• The financial counselor will evaluate your medical insurance and determine if the plan provides coverage for your lung transplantation. Often, in collaboration with your social worker, the counselor will work closely with you to ensure that all possible expenses, including cost of your many medications, will be covered, perhaps through new or additional insurance — or sometimes alternative sources.
  • You and your family will learn about the evaluation process, organ allocation, the potential risks and benefits of lung transplantation, the surgery itself, the post-operative recovery period and the inevitable lifestyle changes, and the mandatory medications you'll be taking for the rest of your life. You will have the opportunity to discuss any concerns you may have.

A letter summarizing the results of this initial evaluation will be sent to your referring physician.

Outpatient Testing

If the initial evaluation indicates that you may potentially benefit from lung transplantation, then you will be required to undergo a battery of tests. These tests will be performed over two to three days at Columbia University Medical Center within four to six weeks following the initial consultation. The tests will include:

  • Chest x-ray and, in selected patients, CT scan
  • Quantitative ventilation-perfusion lung scan
  • Echocardiogram and electrocardiogram
  • Complete pulmonary function tests and arterial blood gas
  • Six-minute walk test and cardiopulmonary exercise study
  • Right heart catheterization; in patients above age 45 and with risk factors for coronary artery disease — left heart catheterization for coronary angiography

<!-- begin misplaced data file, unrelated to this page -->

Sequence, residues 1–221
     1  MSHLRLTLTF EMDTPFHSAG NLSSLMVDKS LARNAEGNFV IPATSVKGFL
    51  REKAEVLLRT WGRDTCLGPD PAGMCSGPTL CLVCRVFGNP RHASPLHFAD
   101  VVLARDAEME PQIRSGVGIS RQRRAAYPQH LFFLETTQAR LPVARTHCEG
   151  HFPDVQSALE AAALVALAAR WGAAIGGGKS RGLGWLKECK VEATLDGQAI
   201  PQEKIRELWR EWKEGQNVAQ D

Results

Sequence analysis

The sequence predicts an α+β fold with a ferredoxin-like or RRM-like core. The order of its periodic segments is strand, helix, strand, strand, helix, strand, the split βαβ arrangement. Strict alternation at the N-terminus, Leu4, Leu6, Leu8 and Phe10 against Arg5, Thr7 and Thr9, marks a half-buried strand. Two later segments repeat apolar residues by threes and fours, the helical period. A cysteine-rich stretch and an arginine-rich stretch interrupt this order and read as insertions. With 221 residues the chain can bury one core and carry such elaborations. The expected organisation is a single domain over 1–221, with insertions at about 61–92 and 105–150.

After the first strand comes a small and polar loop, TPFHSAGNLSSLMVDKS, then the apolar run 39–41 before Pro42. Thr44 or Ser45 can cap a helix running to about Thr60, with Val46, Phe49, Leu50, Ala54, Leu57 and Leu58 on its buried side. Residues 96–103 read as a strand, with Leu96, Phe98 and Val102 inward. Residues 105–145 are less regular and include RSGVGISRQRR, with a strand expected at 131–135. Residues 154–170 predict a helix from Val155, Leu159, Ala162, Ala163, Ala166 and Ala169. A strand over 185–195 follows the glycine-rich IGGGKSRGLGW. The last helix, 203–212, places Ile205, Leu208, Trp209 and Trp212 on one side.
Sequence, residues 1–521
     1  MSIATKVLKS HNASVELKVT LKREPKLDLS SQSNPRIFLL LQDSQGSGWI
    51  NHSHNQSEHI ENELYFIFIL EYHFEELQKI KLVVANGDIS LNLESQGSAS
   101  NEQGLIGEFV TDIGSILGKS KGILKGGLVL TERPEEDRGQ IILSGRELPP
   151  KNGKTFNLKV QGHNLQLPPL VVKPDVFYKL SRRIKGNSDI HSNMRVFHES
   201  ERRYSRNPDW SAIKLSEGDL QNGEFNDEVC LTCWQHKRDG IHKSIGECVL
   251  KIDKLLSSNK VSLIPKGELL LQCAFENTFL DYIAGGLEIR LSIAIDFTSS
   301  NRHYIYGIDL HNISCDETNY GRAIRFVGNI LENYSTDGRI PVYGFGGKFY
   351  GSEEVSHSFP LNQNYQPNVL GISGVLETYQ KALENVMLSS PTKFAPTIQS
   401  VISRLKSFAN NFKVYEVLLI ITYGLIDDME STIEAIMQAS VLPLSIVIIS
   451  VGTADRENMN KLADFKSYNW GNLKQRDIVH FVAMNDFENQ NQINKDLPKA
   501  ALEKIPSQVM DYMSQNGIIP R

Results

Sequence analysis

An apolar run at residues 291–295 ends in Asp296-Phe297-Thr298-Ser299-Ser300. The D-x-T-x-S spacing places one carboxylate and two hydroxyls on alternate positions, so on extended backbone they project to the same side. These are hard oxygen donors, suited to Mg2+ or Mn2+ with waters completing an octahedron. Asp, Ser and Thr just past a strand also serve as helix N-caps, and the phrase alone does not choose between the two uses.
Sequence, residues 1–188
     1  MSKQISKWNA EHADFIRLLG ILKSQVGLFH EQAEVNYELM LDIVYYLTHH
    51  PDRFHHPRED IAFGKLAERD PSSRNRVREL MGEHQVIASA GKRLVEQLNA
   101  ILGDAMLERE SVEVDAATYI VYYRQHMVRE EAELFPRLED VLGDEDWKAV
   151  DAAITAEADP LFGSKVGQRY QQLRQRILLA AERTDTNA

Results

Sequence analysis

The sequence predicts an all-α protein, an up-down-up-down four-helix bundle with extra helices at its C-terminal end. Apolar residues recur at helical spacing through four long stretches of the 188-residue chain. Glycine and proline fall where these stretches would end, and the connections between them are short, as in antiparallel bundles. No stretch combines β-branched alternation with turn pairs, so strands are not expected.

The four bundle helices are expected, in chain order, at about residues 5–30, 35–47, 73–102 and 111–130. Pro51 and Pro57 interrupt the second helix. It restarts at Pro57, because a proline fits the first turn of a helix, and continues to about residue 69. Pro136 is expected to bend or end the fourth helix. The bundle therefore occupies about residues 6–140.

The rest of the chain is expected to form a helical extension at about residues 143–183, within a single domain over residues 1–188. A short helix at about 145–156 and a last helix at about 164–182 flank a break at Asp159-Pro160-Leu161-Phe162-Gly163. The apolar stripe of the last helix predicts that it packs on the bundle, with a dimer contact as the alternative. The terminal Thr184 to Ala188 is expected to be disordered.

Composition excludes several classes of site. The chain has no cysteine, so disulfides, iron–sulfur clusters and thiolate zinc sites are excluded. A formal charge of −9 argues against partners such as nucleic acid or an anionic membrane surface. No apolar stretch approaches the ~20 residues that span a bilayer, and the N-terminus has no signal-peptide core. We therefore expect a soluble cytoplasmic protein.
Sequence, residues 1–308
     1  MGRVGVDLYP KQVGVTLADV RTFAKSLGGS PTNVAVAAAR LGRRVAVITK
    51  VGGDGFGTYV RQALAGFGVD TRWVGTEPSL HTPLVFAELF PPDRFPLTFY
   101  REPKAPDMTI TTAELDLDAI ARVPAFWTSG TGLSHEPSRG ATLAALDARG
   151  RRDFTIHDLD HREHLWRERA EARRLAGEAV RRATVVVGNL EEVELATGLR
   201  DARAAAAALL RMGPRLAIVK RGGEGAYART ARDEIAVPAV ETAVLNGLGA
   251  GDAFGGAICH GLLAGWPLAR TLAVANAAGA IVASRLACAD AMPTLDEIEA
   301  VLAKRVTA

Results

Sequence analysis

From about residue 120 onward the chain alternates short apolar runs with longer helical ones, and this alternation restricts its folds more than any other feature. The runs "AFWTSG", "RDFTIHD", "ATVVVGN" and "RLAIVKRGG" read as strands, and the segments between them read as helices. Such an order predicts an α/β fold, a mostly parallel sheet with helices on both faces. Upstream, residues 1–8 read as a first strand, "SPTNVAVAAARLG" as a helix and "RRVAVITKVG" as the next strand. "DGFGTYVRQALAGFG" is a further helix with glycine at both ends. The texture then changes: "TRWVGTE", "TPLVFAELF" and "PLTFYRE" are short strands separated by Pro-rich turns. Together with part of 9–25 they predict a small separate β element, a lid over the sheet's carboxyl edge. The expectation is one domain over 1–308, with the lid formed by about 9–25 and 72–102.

• Cardiac stress test in selected patients
  • DEXA (dual energy x-ray absorptiometry) to measure bone density
  • Blood and urine testing
  • Testing for blood and tissue type
  • Antibody testing to measure the immune system's level of activity
  • Barium upper gastrointestinal series in selected patients
  • PPD and anergy testing for tuberculosis
  • Dental evaluation

And, as part of general health maintenance:

  • Women: Gynecologic evaluation with PAP smear (if have not had this test within a year)
  • Women over 40: Mammography (if have not had this test within a year)
  • Men over 40: PSA (prostate specific antigen)
  • Patients at average risk for colorectal cancer over 50: Three-sample fecal occult-blood testing and sigmoidoscopy if have not had these in past five years – or a colonoscopy if have not had this test in ten years
  • Patients with risk factors for colon cancer: A colonoscopy if they have not had one at an interval recommended by a physician
  • Patients with bronchiectasis: Sputum culture

If necessary, you will be referred to other medical services such as gastroenterology and cardiology for further evaluation.

Post-Evaluation Decision

Once all your tests and medical consultations have been completed, the multidisciplinary lung transplantation team will review all your data at its weekly meeting and determine whether transplantation is the right treatment for you. If the team decides that you are a suitable candidate:

  • You will be immediately registered with the United Network for Organ Sharing (UNOS), a not-for-profit organization contracted by the federal government to operate a patient waiting list and organ matching system. It assures equal access for every patient needing an organ for transplantation.
  • The transplant physician and coordinator will meet with you and members of your family to discuss the decision. (You will also have this meeting even if you are not selected as a transplant candidate.)
  • A letter detailing the team's decision as well as a summary of the testing will be sent to your referring physician.
  • You will receive a letter documenting the date of the UNOS listing and the requirements for remaining on the list.